What happens if Alice doesn’t sign the txt on step 4. Does the operator need to build a new block and ask everyone’s signatures again (except Alices)?

If Alice doesn’t sign in step 4, her transaction would still be in the set of pending transactions. It is possible for Alice to wait for many blocks before sending the message to process her pending transactions.

Example: Alice doesn’t sign the message "Process transactions in block 123” in step 4.

Step 5: The operator publishes block 124 without the above message from Alice. Her transactions are still pending.

Step 6: The operator publishes blocks 125-137 while Alice is sleeping. Alice’s transactions are still in the set of pending transactions.

Step 7: Alice wakes up and sees that the current block is block number 137. She gets witnesses to her balance and pending transactions in block 137 from the operator.

Step 8: After recieving the witnesses, Alice signs and sends the message “Process transactions in block 137” to the operator.

Step 9: The operator includes Alice’s message in block 138, and Alice’s transactions are processed.

Thank you, it’s a very interesting approach!
I have a couple of questions, sorry if I misunderstood something:

  • How the balance can go from onChain to offChain?
  • Why in frozen mode the sentAmount is subtracted, since this amount is in pending state? If this sentAmount is substracted, does the reciever can claim it? if yes, how to ensure that Alice has enough balance to sent that amount since that check is done when processing the transaction?

Hi, thanks!

Not sure if I understand your question, but I will give it a try.

The on-chain available balance keeps track of the amount that is deposited to the account from L1 minus the amount withdrawn to L1 from the account.

The off-chain available balance, on the other hand, keeps track of the amount recieved by L2 transfers to the account minus the amount sent by L2 transfers from the account.

The balance does not move between these two, you just define the balance of an account to be the sum of these two balances. Does this clear things up? If not, please ask again.

Keep in mind that the sent amount in the pending transfers is only subtracted in the edge case where Alice uses the offChainBalance(Alice) in the block lastSeenBlockNum(Alice). The reason for this is that the pending transfers in lastSeenBlockNum(Alice) were actually processed in the next block lastSeenBlockNum(Alice)+1, but Alice’s balance in lastSeenBlockNum(Alice) doesn’t reflect that, so the sent amount must be subtracted.

Hi! thank you for answers, really appreciate it ^^

I’m sorry, I will ask this way: If Alice has 1 ether in ethereum, what is the flow to deposit into the rollup and then transfer that ether to Bob by an L2 transaction?.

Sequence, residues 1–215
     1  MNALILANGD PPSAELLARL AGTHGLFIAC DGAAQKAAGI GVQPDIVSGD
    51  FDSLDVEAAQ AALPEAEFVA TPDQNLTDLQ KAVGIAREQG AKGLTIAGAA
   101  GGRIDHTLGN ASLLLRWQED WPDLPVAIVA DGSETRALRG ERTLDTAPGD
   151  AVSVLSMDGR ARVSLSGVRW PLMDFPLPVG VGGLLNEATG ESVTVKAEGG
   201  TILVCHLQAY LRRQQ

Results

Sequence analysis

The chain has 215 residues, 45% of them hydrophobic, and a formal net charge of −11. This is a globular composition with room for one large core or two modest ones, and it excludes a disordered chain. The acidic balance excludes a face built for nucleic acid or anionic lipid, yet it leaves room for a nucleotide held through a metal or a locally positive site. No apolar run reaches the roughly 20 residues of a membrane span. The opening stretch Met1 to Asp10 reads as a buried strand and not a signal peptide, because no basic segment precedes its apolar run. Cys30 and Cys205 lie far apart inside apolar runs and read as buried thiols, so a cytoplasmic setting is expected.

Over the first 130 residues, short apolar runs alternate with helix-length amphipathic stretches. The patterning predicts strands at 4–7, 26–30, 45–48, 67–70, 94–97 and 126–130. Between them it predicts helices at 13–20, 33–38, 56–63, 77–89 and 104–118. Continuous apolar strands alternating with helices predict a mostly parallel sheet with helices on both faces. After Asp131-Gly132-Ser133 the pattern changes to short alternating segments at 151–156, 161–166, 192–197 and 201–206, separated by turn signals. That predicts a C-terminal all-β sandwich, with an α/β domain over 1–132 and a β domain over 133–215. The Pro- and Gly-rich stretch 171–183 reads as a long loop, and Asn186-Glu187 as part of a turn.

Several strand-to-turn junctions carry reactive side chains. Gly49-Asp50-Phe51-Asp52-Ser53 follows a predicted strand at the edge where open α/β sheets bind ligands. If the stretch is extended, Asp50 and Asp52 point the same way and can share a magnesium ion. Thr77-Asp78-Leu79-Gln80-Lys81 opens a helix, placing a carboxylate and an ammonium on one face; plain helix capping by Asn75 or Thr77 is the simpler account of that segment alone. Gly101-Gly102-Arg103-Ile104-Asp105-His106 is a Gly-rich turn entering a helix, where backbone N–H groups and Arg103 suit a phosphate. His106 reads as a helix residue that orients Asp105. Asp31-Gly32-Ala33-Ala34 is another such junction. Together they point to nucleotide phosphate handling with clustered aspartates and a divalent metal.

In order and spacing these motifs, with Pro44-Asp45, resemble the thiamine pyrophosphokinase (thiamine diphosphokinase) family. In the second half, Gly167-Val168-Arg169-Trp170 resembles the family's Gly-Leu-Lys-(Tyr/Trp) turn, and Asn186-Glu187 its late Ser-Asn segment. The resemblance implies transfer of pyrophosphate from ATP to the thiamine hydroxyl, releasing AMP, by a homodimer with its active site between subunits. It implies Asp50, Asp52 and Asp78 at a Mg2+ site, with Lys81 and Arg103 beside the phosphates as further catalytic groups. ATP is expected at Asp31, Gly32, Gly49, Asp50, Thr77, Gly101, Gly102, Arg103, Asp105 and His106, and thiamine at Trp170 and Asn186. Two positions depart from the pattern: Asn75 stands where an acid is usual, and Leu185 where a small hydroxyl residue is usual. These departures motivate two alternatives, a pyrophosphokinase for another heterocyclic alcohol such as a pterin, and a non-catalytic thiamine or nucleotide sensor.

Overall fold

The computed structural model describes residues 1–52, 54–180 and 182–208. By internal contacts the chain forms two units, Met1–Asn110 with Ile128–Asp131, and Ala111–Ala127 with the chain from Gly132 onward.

Now I get it! But I have a follow-up question to this.
Suppose this situation above:

Where the transaction from Alice to Bob should fail when processed because Alice does not have enough balance amount > balanceOf(Alice). Does Bob could withdraw that amount as in this example?

Ahh, I see. So the procedure would be this:

Step 1: Alice calls the function Deposit(toAddress) in the rollup L1 contract, where toAddress is her L2 address, with 1 ETH included in the call. I didn’t specify how L2 addresses are generated, but it would be similar to existing zk-rollups. It could be something like this: Each L2 address is associated to a L1 address in the rollup state. If Alice calls Deposit() without specifying an L2 address, it is sent to the L2 address associated to Alice’s L1 address, which is created if it doesn’t exist.

Step 2: The Deposit function above adds the deposit request to the inbox, and the operator is forced to process it in the next rollup block.

Step 3: After the operator has processed the deposit request in the next rollup block, Alice may create a transaction and sign it using the private key of the L1 address associated to her L2 address. The signed transaction is sent to the operator.

Step …: The rest is the same as in example 1.

Nice catch! We must make sure that Bob is not allowed to get the funds from the transfer if it failed.

One way to make sure of this is to make it illegal for the operator to add a pending transaction if this would cause the total amount sent in the pending transfers to be greater than the sender’s current balance. That way, we ensure that processing a pending transfer would always be valid.

Thank you very much for your answers again!

But in this 3 steps, only the onChainBalance is updated and you need to have offChainBalance in order to process L2 transactions right?

Thank you! ^^
I think might be more tricky than that because, could be some pending valid transactions, and then the user can put a forceWithdrawal in the inbox before processing that transactions and therefore invalidate them.

Yes, only the onChainBalance is increased to 1 ETH, while the offChainBalance is unchanged (0 if it’s a brand new L2 address). The thing is that we allow either onChainBalance(address) or offChainBalance(address) to be negative, as long as the sum of them is positive. So if Alice has deposited 1 ETH to a new L2 address, she has onChainBalance(Alice)=1ETH and offChainBalance(Alice)=0 ETH. If she then sends 1 ETH to Bob on L2, she will have onChainBalance(Alice)=1 ETH and offChainBalance(Alice)=-1 ETH after this transfer is processed, so her balance will be 1 ETH - 1ETH = 0 ETH.

Hmm, yeah you’re right. Perhaps a better way would be to make it illegal for the operator to add a ProcessTransaction for Alice if she doesn’t have enough funds for all of her pending transactions.

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I finally get it!!! thank you

Yes, I think this fix it ^^

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Cool! Thanks for your questions, I will update the document with clarifications/fixes for the things you brought up!